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  • Delineating a Regional Education Research Agenda
  • Edmund T. Hamann, Guest Editor

If one wants to advance the argument that the Great Plains, as a region, matters— and the very existence of Great Plains Research and the Center for Great Plains Studies that publishes it suggest significant support for the idea—then one can ask, How did we learn that they matter? How do they matter? Can we live on them ethically, with a regard for each other and sense of stewardship and responsibility? Education research in, of, for, and with a region allows us to pursue each of these questions, plus more.

Here we do so, informed by the two central notions that Greenwood (2011, 634) suggests are the core of place-based education: critical geography and bioregionalism. Critical geography asks us to view spaces as expressions of ideologically laden power relations—who counts as of a place? Who gets excluded? Whose acts of naming prevail? Whose efforts get lost or rejected? And so on. Bioregionalism has a more explicit link to ecology, and bioregionalists "seek to revive, preserve, and develop cultural patterns in specific bioregions that are suited to the climate, life zones, landforms, and resources of those regions" (634). As one nod to bioregionalism, we "bound" the Great Plains the same way that Michael Forsberg (2009) did with his map in Great Plains: America's Lingering Wild as extending from the northern grasslands of Manitoba and Saskatchewan in Canada, and continuously south, until crossing the Rio Grande into the grasslands of Mexico's Tamaulipas state. Like Forsberg, whose sandhill cranes (see Forsberg [2004]) are clearly of the Great Plains but not always in them, we note that those who study education in the Great Plains are not always in them, nor are those who attend formal education programs there. One's ties to the Plains do not need to be constant, nor 100%, to be salient.

This introductory article looks across four very different recently completed manuscripts that each broached the question "What does, or should, an education research agenda for the Great Plains entail?" Because of the diverse perspectives and circumstances of the authors, even though the number of compared manuscripts is relatively small (i.e., four), collectively they offer a comprehensive and sweeping take on what a region-based educational research agenda can entail, which this introduction proposes to synthesize or summarize. It is our contention that "region" is a crucial but often neglected conceptual category with which to think about education (as well as other issues). Region is larger than a village, school district, city, or state, but smaller than and not necessarily fully residing within the geopolitical boundaries of a nation-state. (Consider Anzaldua's [1987] identification as the region on both sides of the US-Mexican border as "La Frontera.") While both amorphous and heterogeneously populated, regions nonetheless have identifiable patterns of linguistic, historical, ecological, and economic coherence. They are viable as an object of inquiry, and that is the work here.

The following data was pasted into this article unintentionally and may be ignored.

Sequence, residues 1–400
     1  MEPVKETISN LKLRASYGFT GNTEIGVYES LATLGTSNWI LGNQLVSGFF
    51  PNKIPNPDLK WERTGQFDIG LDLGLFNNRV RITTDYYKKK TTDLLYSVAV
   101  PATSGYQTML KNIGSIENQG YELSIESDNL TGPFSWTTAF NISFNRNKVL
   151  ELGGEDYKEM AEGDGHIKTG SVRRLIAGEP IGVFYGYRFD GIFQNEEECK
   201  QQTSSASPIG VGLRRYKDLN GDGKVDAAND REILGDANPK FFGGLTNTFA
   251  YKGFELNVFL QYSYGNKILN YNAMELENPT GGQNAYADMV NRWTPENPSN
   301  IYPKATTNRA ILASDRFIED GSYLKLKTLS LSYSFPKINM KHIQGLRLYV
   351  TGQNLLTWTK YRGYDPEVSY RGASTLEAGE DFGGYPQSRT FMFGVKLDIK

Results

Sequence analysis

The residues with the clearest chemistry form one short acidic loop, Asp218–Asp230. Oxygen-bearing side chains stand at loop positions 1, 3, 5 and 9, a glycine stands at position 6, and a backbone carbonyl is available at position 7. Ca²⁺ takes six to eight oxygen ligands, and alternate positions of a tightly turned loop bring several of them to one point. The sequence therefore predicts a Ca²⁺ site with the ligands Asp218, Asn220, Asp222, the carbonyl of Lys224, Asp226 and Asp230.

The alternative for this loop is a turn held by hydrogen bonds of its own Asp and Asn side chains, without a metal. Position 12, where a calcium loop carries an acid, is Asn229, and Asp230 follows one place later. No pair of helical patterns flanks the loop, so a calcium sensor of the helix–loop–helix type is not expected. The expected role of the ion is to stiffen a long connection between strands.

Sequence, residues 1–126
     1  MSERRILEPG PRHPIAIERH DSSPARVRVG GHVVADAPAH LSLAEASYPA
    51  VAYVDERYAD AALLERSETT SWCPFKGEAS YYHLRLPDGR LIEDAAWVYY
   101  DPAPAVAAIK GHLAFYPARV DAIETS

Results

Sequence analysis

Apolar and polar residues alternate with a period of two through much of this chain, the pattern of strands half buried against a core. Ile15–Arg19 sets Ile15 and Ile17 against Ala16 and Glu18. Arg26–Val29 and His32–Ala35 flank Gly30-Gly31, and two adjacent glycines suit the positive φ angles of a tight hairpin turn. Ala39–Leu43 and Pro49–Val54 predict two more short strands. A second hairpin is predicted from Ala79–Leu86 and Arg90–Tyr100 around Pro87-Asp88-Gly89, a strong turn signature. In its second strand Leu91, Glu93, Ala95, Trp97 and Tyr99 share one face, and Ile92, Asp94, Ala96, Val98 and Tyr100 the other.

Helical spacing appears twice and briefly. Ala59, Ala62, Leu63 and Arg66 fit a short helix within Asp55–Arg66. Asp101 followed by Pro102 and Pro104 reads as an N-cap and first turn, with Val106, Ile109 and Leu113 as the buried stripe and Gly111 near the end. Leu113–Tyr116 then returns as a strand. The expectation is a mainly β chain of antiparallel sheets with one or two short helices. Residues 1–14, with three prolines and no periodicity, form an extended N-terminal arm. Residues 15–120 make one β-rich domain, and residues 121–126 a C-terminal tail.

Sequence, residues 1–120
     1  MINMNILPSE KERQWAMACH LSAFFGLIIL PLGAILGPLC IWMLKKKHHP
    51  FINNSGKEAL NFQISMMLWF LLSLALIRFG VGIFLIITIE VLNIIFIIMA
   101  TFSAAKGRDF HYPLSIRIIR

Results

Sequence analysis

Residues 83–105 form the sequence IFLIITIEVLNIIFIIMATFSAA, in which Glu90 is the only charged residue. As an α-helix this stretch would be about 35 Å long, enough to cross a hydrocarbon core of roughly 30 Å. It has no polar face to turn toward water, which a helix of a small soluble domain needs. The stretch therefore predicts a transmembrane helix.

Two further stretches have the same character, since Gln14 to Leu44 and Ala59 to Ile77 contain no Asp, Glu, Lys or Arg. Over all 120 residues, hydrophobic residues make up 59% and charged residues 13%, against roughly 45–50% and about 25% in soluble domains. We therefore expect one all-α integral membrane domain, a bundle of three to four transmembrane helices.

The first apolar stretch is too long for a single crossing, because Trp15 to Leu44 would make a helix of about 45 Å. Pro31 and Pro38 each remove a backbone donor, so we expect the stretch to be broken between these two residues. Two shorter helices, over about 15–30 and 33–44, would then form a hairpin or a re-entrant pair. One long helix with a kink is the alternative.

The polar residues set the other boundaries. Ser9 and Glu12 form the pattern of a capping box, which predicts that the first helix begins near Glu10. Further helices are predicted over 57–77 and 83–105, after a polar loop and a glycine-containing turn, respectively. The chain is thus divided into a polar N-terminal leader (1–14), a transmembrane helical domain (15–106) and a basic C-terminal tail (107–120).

The juxtaposed manuscripts intentionally offer varied theoretical perspectives even as they attend to the same regional geography. It is the stance of this introduction that different perspectives illuminate different data, different possibilities, and different challenges, and thus any effort that attempts to be encompassing, if geographically particular, gains from affirming and including that diversity of perspectives. That said, all these works share consistent attention to the concept of place and place-based education (Greenwood 2011). Phrased another way, they each ask how place matters.

Here that inquiry is collectively interdisciplinary, drawing from both the social sciences and the humanities. Regarding the former, one of the reviewed pieces, by Marjorie Kostelnik, comes from a former dean of a college of education who describes a scenario-driven planning process that involved 40 of her faculty. A second paper, by Amanda Morales, which appears last, adapts the funds of knowledge theoretical framework (González, Moll, and Amanti 2005) to illuminate how [End Page ix] education of rural children could but usually does not intentionally draw on the routine outside-of-school experiences and social network–embedded wisdom that these children bring with them to classrooms that, unfortunately, are often narrowly concerned with national curricula...


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